Legal Highs

Category: Depressant, Hallucinogen, Stimulant

Also know as:

5-IAI, Bath Salts, Dimethocaine, Eric 3, MDAT, New Drugs, New Psychoactive Substances, NPS, Silver Bullet


New psychoactive substances (NPS), often known as ‘legal highs’ or ‘illegal highs’, are substances designed to produce the same, or similar effects, to drugs such as cannabis, cocaine and ecstasy, but are structurally different enough to avoid being controlled under the Misuse of Drugs Act. In the past they were often sold in the shops as research chemicals and advertised as ‘not for human consumption’ to get round the law. In some cases, NPS are just as dangerous as controlled drugs.

NPS are normally sold as powders, pills or capsules. The powders can range from white to brown to yellow in colour and from flour-like to little crystals in consistency. While the pills and capsules can range in size, shape and colour.

The smoking mixtures tend to come in colourful packaging, often with labels describing the contents as incense or herbal smoking mixture, and the contents look like dried herbs or plant cuttings. Although they look herbal, they are actually plant material sprayed with potent chemicals.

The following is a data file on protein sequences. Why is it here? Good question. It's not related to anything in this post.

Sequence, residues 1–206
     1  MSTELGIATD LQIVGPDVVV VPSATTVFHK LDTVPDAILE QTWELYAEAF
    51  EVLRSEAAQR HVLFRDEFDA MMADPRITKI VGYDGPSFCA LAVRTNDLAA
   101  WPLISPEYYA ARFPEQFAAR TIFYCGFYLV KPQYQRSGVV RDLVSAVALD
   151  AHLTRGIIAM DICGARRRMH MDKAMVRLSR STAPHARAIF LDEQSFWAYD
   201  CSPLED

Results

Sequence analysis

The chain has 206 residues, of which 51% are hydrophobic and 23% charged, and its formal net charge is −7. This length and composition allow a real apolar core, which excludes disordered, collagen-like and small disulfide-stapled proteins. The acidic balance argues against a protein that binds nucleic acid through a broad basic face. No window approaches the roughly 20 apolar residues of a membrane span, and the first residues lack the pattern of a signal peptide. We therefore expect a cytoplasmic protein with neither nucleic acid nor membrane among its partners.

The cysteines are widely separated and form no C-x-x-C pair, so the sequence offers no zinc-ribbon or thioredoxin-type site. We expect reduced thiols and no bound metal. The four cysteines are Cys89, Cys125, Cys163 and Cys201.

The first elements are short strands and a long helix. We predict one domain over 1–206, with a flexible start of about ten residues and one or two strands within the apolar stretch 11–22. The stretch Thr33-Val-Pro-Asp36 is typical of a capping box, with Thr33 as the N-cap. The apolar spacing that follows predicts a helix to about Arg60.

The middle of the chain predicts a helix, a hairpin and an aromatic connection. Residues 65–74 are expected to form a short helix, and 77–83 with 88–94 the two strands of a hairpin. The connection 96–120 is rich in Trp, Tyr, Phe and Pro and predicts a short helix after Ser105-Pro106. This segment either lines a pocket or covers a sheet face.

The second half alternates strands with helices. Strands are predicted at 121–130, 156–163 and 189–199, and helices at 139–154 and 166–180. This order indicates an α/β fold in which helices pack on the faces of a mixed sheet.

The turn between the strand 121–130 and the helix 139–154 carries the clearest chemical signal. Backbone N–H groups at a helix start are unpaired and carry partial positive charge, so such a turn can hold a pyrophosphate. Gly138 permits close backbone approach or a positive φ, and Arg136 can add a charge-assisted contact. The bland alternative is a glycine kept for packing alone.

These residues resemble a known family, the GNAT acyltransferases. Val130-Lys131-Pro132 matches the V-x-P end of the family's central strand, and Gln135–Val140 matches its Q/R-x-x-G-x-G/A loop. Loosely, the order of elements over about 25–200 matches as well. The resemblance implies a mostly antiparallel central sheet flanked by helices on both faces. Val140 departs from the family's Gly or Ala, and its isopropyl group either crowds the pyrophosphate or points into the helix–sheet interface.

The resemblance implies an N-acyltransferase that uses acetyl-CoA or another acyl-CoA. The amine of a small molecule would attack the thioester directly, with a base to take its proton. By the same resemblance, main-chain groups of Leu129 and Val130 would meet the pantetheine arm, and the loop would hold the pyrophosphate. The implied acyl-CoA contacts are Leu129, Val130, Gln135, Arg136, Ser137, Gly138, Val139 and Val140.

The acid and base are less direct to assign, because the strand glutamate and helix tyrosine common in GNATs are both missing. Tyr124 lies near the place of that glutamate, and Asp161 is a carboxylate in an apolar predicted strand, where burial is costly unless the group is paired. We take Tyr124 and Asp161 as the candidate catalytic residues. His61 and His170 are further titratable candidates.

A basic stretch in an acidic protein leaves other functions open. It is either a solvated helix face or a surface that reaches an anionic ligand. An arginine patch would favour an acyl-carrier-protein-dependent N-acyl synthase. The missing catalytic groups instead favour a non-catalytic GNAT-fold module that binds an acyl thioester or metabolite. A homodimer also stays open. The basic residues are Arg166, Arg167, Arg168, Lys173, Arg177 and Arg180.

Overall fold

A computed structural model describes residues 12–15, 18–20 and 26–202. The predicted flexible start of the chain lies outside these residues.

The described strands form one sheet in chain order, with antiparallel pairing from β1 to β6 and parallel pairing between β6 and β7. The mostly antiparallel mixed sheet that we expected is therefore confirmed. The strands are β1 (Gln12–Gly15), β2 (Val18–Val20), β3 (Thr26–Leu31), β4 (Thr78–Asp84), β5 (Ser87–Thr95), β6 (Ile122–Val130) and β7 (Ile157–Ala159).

How it is taken

NPS tend to be snorted or swallowed, but there have been reports of some people injecting NPS, which is the most dangerous way of using. NPS smoking mixtures are either smoked in a ‘joint’ or by using a pipe/bong.


`The main effects and risks of almost all ‘psychoactive’ drugs, including NPS, can be described using three main categories:

  • stimulants
  • ‘downers’ or sedatives
  • psychedelics or hallucinogens.

Whilst drugs in each of the categories will have similarities in the kinds of effects they produce, they will have widely different strengths.